India welcomes Trump’s new Afghanistan policy

His move will help target “safe havens” of terrorism in South Asia, says New Delhi.

August 22, 2017 12:26 pm | Updated December 03, 2021 12:25 pm IST - New Delhi

 President of the Islamic Republic of Afghanistan Ashraf Ghani and Prime Minister Narendra Modi. A file photo.

President of the Islamic Republic of Afghanistan Ashraf Ghani and Prime Minister Narendra Modi. A file photo.

India has welcomed United States President Donald Trump’s new policy on Afghanistan , saying his move will help target “safe havens” of terrorism in South Asia.

A couple of former diplomats also said that their call for an end to Pakistan’s involvement in terrorism in Afghanistan and Mr. Trump's support for an Afghanistan-led peace process addressed a core concern of India.

In a statement, the Ministry of External Affairs (MEA) said, “We welcome President Trump’s determination to enhance efforts to overcome the challenges facing Afghanistan and confronting issues of safe havens and other forms of cross-border support enjoyed by terrorists.”

Satinder Lambah, former Special Envoy of the Prime Minister of India on Afghanistan and Pakistan, told The Hindu   that Mr. Trump supported the long-held Indian foreign policy principles of non-intervention and non-interference and ended uncertainties over the U.S.' involvement in Afghanistan.

“We welcome the move to have an Afghanistan-led and Afghanistan-owned peace process to ensure peace and stability in Afghanistan. By asking the Afghans to take charge of their internal affairs, President Trump has vindicated the position that India first took in the 1980s and have maintained ever since,” he said.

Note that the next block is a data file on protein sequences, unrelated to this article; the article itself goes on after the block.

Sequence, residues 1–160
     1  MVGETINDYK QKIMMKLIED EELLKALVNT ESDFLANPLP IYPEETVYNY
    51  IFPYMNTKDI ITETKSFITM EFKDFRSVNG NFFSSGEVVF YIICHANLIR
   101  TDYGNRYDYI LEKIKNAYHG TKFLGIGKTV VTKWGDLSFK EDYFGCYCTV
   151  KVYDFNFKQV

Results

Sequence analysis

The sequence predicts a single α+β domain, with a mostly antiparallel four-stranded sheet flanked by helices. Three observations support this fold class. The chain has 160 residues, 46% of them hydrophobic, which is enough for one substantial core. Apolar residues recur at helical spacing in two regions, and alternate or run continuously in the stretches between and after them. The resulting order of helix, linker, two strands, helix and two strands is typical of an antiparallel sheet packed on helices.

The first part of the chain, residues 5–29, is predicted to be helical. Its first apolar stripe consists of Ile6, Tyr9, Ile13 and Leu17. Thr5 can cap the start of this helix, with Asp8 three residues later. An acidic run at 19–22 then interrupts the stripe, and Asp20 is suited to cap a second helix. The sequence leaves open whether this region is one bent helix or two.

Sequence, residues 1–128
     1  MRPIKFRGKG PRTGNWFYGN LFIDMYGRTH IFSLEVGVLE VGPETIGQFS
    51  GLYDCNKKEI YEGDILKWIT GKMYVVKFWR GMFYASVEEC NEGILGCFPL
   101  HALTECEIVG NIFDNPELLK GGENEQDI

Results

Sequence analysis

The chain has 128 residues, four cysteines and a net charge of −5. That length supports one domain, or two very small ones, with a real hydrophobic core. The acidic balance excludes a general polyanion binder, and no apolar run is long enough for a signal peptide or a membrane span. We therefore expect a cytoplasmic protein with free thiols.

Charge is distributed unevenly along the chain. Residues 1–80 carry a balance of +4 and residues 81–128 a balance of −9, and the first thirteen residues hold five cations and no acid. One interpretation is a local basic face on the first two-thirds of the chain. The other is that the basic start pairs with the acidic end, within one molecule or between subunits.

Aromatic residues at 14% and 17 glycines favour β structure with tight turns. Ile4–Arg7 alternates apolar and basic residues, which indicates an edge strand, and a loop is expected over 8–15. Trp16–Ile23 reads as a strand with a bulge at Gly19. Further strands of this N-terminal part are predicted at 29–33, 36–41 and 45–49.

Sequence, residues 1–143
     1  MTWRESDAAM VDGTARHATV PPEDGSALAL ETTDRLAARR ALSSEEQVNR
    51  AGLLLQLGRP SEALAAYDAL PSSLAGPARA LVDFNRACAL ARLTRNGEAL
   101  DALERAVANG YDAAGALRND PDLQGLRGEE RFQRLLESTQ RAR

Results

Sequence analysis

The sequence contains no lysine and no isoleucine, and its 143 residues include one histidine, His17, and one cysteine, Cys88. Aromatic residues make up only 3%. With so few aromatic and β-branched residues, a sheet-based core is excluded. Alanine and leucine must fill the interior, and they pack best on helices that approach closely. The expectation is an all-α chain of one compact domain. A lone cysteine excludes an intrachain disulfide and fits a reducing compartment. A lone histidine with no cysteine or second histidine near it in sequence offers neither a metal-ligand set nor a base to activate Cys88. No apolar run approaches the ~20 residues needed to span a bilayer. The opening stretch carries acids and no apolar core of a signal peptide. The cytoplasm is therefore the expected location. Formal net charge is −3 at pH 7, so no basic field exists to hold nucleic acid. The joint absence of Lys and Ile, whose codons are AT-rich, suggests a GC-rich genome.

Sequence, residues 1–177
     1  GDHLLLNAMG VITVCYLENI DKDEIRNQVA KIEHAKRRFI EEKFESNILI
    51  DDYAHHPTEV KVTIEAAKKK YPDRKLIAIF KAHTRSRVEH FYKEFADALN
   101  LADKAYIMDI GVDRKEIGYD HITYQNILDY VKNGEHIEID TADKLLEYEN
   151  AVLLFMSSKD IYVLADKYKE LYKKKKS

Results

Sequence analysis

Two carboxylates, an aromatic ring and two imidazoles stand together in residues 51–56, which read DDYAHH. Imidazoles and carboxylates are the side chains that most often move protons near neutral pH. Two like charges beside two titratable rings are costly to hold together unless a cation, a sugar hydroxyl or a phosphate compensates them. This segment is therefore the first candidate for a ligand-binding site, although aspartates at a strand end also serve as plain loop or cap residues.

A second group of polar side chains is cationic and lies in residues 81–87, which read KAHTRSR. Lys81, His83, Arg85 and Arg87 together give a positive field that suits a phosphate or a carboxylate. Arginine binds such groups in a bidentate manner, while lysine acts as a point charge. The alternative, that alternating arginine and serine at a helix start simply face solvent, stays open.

In his speech on Monday , Mr. Trump urged India to do more to help Afghanistan with its developmental needs and urged Pakistan to stop the terror attacks that originate from its territory.

India responded, saying that it shared concerns of the U.S. government. “We are committed to supporting the government and the people of Afghanistan in their efforts to bring peace, security and stability and prosperity in their country. We have been steadfast in extending reconstruction and development assistance to Afghanistan in keeping with our traditional friendship with its people. We will continue these efforts,” said the MEA.

Mr. Lambah, however, pointed out that Indian developmental work in the civil war-torn country cannot progress unless the security situation improved.

Former Indian envoy to Kabul Amar Sinha said Mr. Trump had put Pakistan on notice and his declaration of a new wave of attacks against Taliban and other terror groups ended distinctions like ‘good Taliban’ and ‘bad Taliban’.

“Unlike his two immediate predecessors, President Trump has indicated that the U.S. campaign in Afghanistan will not be calendar driven and that the U.S. forces will stay in the country as long as necessary. This is a very clear enunciation of the U.S. policy objectives, which is based on the security needs of the region”, Mr. Sinha said, adding that by demanding “immediate” end to support to terror groups by Pakistan, Mr. Trump had made a strong point.

The former diplomat, however, pointed out that by not asking India to contribute to the military front directly, the U.S. has spared New Delhi of a major responsibility. “It is good that Mr. Trump has not asked India for boots on the ground or a direct role in the security front,” said a commentator requesting anonymity.

“The U.S. needs to ensure better security situation for the Indian development work to have the expected impact and the U.S. should also bring in Japan, the European Union and others into the developmental framework of Afghanistan,” said Mr. Lambah. Several countries that are solely invested in finding a security solution to Afghanistan’s four-decade long crisis should also enter the developmental field, he added.

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